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Storm Tomas and cholera outbreak add urgency to Haiti's sanitation problems

Hundreds of thousands of Haitians lack access to clean water in Port-au-Prince, a situation expected to worsen after tropical storm Tomas makes landfall on Friday.

By Isabeau DoucetContributor / November 4, 2010

Earthquake survivors collect water in a provisional camp, as Tropical Storm Tomas arrives in Port-au-Prince, on Nov. 4.

Eduardo Munoz/Reuters


Port-au-Prince, Haiti

Even without a hurricane, sanitation in Haiti's capital is poor, local water sources are contaminated, and the 4 kilometer road to the shantytown of Cite Soleil is knee deep with mud and raw sewage.

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“It's always like this,” says Lionel Elve, a university student while driving his moped along the road. “The rains sweep the filthy streets from Petionville to Cite Soleil and clog the canals with trash flowing down to sea.”

Now, earthquake-devastated Port-au-Prince is bracing for tropical storm Tomas to hit Friday – potentially the first direct hurricane landing in a century. Tomas comes two weeks after cholera broke out, killing more than 440 people, infecting thousands of others, and looming over the millions of Haitians living in shantytowns like Cite Soleil and in tent cities across the capital.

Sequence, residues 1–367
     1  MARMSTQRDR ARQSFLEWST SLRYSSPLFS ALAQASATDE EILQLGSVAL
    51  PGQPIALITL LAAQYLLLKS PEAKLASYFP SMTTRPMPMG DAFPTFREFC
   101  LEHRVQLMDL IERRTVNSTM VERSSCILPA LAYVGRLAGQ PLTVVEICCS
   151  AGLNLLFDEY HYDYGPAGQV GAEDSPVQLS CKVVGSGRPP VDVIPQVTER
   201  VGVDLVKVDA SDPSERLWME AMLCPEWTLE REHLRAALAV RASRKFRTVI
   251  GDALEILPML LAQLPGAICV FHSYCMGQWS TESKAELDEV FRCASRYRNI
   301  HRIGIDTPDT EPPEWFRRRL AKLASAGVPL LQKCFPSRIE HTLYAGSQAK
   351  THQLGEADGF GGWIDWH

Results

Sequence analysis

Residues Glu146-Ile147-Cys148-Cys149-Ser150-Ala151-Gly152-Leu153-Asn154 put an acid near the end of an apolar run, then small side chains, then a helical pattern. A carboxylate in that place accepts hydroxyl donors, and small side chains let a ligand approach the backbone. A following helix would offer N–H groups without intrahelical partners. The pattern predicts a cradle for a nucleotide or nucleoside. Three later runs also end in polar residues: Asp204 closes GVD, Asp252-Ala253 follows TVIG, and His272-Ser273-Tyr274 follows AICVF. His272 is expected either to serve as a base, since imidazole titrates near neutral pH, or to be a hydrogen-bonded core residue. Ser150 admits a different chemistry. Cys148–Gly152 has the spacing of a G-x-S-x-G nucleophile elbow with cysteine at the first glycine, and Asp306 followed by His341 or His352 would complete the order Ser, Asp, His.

Tomas was 295 miles southwest of Port-au-Prince as of 2 pm Thursday, according to the National Hurricane Center in Miami, which is forecasting that the tropical storm will increase in intensity and possibly become a hurricane by the time it makes landfall.

Amid the potential for three simultaneous humanitarian catastrophes – an earthquake, a hurricane, and a cholera outbreak – the capital also faces severe sanitation problems, particularly around Cite Soleil, home to some 400,000 people and one of the capital's few sewage dumping points.

Apocalyptic landscape

Thousands of adults and children forage for recyclables at the dump known as Troutier, an apocalyptic landscape of open pits of raw sewage and piles of smoldering trash. Local residents, fed up with the never-ending line of sewage trucks, briefly blockaded the entrance to the dump on Oct. 27.

The blockade lasted mere hours, but it highlighted the dump's importance – as long as the blockade lasted, the sewage trucks could not empty their waste or collect more sewage from the tent cities around the capital.

Gardy Guerrier, one of the protest organizers, says Troutier has grown over the years. Land that once yielded bananas, melons, peas, and vegetables is now infested with mosquitoes and rats.